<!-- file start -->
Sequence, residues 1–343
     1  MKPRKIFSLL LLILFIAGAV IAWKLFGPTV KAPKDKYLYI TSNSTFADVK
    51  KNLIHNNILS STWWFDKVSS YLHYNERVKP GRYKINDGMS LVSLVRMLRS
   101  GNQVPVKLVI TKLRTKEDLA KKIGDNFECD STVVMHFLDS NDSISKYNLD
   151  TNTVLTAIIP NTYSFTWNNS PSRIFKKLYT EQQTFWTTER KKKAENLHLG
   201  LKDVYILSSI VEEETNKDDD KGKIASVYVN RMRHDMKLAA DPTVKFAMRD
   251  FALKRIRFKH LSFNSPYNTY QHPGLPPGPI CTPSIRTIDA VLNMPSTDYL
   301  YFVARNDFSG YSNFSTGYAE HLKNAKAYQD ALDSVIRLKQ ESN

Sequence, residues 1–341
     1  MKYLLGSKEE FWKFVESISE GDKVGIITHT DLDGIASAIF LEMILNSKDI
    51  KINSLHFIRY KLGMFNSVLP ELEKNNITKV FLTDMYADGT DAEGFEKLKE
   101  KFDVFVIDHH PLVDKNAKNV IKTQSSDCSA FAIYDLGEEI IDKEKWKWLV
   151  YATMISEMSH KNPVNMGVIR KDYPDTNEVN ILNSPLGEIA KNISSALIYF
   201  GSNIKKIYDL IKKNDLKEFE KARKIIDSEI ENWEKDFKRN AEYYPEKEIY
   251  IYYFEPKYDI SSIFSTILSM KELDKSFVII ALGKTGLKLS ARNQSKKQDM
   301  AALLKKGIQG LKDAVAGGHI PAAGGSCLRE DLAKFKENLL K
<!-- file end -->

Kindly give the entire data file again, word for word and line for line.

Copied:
Sequence, residues 1–343
     1  MKPRKIFSLL LLILFIAGAV IAWKLFGPTV KAPKDKYLYI TSNSTFADVK
    51  KNLIHNNILS STWWFDKVSS YLHYNERVKP GRYKINDGMS LVSLVRMLRS
   101  GNQVPVKLVI TKLRTKEDLA KKIGDNFECD STVVMHFLDS NDSISKYNLD
   151  TNTVLTAIIP NTYSFTWNNS PSRIFKKLYT EQQTFWTTER KKKAENLHLG
   201  LKDVYILSSI VEEETNKDDD KGKIASVYVN RMRHDMKLAA DPTVKFAMRD
   251  FALKRIRFKH LSFNSPYNTY QHPGLPPGPI CTPSIRTIDA VLNMPSTDYL
   301  YFVARNDFSG YSNFSTGYAE HLKNAKAYQD ALDSVIRLKQ ESN

Sequence, residues 1–341
     1  MKYLLGSKEE FWKFVESISE GDKVGIITHT DLDGIASAIF LEMILNSKDI
    51  KINSLHFIRY KLGMFNSVLP ELEKNNITKV FLTDMYADGT DAEGFEKLKE
   101  KFDVFVIDHH PLVDKNAKNV IKTQSSDCSA FAIYDLGEEI IDKEKWKWLV
   151  YATMISEMSH KNPVNMGVIR KDYPDTNEVN ILNSPLGEIA KNISSALIYF
   201  GSNIKKIYDL IKKNDLKEFE KARKIIDSEI ENWEKDFKRN AEYYPEKEIY
   251  IYYFEPKYDI SSIFSTILSM KELDKSFVII ALGKTGLKLS ARNQSKKQDM
   301  AALLKKGIQG LKDAVAGGHI PAAGGSCLRE DLAKFKENLL K